Italy’s highest court, the Court of Cassation, has begun considering Silvio Berlusconi’s last appeal against a four-year jail sentence and five-year ban from public office for tax fraud.
If the court delivers the first definitive conviction in dozens of cases against the former prime minister, it would mark the end of his 20-year dominance of Italian politics.
It could also threaten the survival of Italy’s fragile coalition. Politicians from both the centre-left Democratic Party (PD) and Berlusconi’s centre-right People of Freedom (PDL) party may refuse to continue in government.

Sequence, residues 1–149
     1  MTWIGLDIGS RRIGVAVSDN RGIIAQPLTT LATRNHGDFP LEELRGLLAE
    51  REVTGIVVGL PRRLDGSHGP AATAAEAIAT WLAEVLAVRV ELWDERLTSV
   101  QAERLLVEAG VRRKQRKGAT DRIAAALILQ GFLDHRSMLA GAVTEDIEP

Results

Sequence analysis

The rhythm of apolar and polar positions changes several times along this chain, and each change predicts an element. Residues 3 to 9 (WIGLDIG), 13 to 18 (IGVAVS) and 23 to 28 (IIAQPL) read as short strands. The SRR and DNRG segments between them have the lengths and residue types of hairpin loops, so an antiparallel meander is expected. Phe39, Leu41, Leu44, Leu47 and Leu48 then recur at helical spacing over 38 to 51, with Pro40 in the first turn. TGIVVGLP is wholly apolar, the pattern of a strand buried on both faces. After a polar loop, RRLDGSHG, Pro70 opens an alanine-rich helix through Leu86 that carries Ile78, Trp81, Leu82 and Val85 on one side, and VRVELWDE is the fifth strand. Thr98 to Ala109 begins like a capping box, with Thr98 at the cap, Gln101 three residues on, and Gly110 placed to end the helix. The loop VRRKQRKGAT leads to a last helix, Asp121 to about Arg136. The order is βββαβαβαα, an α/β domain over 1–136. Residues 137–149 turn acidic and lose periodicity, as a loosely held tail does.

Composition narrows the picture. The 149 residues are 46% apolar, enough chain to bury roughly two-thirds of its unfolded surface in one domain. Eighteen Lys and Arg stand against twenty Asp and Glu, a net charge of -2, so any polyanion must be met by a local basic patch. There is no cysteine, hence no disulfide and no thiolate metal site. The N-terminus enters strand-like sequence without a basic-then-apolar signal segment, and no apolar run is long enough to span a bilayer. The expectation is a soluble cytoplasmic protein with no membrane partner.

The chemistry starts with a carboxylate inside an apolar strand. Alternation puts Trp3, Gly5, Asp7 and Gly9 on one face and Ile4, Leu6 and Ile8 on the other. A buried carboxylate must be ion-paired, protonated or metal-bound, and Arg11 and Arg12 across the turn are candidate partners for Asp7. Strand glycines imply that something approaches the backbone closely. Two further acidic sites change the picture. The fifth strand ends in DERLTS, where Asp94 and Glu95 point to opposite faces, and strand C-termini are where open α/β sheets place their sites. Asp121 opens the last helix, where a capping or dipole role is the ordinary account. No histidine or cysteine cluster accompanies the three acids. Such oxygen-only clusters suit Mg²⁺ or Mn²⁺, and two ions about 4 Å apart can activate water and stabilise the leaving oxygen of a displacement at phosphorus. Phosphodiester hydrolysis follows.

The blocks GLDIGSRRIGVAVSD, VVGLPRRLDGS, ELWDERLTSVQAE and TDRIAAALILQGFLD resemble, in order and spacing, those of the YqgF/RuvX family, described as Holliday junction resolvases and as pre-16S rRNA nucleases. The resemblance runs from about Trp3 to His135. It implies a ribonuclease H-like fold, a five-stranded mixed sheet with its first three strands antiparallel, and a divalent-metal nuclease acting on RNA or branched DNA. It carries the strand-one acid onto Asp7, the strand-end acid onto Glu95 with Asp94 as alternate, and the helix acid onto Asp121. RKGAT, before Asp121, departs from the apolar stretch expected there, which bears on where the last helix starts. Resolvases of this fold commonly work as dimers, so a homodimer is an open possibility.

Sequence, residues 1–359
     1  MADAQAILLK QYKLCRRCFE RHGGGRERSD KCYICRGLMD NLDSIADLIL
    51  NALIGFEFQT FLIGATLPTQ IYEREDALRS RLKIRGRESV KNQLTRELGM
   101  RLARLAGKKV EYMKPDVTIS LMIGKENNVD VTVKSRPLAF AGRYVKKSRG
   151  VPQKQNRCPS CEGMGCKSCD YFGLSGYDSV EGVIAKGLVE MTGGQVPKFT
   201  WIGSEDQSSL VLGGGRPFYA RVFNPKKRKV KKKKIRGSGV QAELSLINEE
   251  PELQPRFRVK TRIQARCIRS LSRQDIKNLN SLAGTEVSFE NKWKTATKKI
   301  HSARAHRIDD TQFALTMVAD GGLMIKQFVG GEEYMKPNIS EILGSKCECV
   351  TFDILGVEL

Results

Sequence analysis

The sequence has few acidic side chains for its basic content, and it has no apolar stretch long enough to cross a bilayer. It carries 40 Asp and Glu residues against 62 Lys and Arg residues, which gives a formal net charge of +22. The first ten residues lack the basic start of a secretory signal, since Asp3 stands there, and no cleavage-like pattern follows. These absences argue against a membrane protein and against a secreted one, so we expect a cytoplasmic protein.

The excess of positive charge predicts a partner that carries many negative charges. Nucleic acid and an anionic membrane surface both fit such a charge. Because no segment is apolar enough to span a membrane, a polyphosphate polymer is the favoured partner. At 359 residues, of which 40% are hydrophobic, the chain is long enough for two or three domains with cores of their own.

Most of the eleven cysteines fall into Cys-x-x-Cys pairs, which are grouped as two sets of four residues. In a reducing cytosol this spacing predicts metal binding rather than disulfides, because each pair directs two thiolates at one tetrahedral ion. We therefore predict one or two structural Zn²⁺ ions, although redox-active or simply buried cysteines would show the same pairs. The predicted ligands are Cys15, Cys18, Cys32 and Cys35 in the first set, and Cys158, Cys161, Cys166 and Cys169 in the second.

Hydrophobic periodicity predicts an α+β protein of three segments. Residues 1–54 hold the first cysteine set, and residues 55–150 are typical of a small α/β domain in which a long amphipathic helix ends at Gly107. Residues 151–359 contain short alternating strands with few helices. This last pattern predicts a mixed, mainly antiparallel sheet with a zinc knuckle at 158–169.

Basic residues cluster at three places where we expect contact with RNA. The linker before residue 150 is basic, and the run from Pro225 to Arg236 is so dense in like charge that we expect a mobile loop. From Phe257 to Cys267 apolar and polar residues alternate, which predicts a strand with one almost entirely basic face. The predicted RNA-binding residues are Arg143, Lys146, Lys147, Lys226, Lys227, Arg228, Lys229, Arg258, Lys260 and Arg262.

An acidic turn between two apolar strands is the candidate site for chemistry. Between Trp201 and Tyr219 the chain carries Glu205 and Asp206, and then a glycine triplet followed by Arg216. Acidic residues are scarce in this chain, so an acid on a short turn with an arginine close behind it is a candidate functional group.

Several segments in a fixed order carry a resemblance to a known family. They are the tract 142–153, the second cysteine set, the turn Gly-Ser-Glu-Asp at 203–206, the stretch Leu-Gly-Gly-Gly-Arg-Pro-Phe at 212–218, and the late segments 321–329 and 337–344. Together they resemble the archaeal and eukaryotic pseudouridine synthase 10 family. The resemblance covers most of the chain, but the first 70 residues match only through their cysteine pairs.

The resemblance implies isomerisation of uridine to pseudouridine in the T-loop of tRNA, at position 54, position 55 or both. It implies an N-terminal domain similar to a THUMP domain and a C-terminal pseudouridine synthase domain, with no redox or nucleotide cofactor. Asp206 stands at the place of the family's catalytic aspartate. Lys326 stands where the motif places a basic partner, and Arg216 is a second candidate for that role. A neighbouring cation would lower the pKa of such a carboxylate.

The ex-prime minister’s appeal follows his conviction for artificially inflating prices of TV distribution rights bought by his Mediaset company, to avoid taxes.
Berlusconi contests the verdict and he and his supporters believe the charges are politically motivated.
If he loses, the 76-year-old is unlikely to go to prison because of his age, but he would lose his seat in parliament.